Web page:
I could go on and on citing such non-indigent contributions to the development of their host states inspired by the need to present commentators on public issues with information which could help them to push back the frontiers of bias and inaccuracies. Inaccuracies (half-truths and untruths) and bias in articles arise from a number of sources – one of these is the tendency to want to rush to be the first to publish, a tendency which causes quite a number of persons to leap before they look and to talk before they think. Sometimes too, they result from the fact, that over time,  some people have become impervious to facts and truths and become resistant to the time tested methods of searching for them. There might not be any malice in such people. Such people deserve prayers and compassion, not condemnation.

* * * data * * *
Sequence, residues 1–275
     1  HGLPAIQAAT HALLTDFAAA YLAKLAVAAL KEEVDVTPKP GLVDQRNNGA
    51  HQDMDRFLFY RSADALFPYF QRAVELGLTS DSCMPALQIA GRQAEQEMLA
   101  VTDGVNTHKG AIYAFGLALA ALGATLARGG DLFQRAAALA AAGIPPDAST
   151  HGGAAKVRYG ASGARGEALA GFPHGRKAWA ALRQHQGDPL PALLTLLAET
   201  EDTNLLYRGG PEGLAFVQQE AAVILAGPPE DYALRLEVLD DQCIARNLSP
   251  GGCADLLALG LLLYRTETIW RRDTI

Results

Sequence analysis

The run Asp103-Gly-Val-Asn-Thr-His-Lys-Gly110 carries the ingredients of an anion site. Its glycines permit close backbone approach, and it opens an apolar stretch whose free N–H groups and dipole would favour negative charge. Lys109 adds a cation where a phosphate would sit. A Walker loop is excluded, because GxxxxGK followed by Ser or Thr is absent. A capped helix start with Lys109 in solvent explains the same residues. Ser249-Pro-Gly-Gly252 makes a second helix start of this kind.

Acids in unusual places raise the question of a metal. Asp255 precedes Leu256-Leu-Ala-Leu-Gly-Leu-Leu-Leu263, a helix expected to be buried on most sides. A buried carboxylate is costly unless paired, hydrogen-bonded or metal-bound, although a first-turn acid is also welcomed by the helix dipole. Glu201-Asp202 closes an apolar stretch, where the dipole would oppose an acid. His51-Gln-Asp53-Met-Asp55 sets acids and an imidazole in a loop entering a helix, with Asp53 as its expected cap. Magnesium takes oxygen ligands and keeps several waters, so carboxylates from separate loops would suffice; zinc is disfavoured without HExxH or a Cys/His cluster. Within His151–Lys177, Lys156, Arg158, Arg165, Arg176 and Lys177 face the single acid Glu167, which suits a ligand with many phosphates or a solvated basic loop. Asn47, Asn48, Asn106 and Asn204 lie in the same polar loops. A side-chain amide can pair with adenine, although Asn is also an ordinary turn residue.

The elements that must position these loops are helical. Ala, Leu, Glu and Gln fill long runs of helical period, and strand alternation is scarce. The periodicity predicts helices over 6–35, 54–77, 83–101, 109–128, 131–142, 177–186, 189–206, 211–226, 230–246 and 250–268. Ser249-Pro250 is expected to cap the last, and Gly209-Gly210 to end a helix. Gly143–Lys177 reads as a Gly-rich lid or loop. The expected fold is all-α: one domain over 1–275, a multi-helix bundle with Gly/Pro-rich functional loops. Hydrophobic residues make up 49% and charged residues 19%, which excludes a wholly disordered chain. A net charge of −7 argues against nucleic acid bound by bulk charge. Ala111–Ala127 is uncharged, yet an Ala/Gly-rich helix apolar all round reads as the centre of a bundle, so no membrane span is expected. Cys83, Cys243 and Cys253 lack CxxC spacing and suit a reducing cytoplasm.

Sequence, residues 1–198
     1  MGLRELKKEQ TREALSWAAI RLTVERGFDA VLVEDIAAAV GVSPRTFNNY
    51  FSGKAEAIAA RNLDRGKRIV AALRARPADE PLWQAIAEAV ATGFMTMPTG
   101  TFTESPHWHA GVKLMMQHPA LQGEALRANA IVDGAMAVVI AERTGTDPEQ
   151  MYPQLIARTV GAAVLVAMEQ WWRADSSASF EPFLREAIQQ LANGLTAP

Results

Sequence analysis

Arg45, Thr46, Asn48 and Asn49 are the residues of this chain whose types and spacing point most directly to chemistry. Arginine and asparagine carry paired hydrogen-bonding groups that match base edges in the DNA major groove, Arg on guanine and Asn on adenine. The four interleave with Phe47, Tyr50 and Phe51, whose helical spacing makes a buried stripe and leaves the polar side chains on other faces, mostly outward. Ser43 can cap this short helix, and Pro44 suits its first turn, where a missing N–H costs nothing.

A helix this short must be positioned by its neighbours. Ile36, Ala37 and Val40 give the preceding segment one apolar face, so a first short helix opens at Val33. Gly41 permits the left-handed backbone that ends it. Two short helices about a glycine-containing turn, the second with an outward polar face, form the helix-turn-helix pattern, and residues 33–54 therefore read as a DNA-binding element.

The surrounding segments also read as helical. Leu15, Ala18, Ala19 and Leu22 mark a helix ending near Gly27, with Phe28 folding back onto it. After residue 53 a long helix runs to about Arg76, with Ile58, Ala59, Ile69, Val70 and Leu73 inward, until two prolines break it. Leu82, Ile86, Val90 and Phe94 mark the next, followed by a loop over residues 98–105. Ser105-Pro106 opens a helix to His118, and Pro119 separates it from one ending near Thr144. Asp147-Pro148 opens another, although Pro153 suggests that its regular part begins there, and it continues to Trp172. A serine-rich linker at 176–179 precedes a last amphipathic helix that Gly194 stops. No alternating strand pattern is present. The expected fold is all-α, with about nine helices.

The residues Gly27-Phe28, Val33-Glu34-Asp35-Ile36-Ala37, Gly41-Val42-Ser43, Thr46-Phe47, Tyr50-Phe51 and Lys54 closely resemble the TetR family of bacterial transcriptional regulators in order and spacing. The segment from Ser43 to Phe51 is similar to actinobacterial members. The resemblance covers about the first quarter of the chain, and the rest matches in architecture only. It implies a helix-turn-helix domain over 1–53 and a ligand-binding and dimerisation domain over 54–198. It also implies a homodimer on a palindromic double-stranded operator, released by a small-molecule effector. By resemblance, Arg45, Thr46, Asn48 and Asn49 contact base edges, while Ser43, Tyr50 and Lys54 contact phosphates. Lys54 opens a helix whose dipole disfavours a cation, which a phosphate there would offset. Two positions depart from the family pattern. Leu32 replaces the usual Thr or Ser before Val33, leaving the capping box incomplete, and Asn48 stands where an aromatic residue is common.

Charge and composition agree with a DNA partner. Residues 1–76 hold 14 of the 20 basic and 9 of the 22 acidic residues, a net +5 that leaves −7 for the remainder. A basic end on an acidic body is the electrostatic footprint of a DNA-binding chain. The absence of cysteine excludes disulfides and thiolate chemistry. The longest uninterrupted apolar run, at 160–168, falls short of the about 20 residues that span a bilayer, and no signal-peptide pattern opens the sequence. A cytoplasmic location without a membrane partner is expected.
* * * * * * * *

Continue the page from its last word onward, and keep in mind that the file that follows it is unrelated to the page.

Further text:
Incidentally, Mr. Femi Fani Kayode is always at pains to inform his readers and listeners that he is a historian. He tells us so in this article as he also did in his comments on late Chinua’s Achebe’s TWAC.  I am sure he also aspires to be a good historian. Good historians are “slaves”, not just servants, of truth and facts. Good historians are never servants or slaves to emotions. True, there is a role for emotions in life, but in contributions to discussions on important and sensitive matters of national importance, emotions should always be reined in and disciplined by facts and truths. To do otherwise would be to court folly.

Noel

@naitwt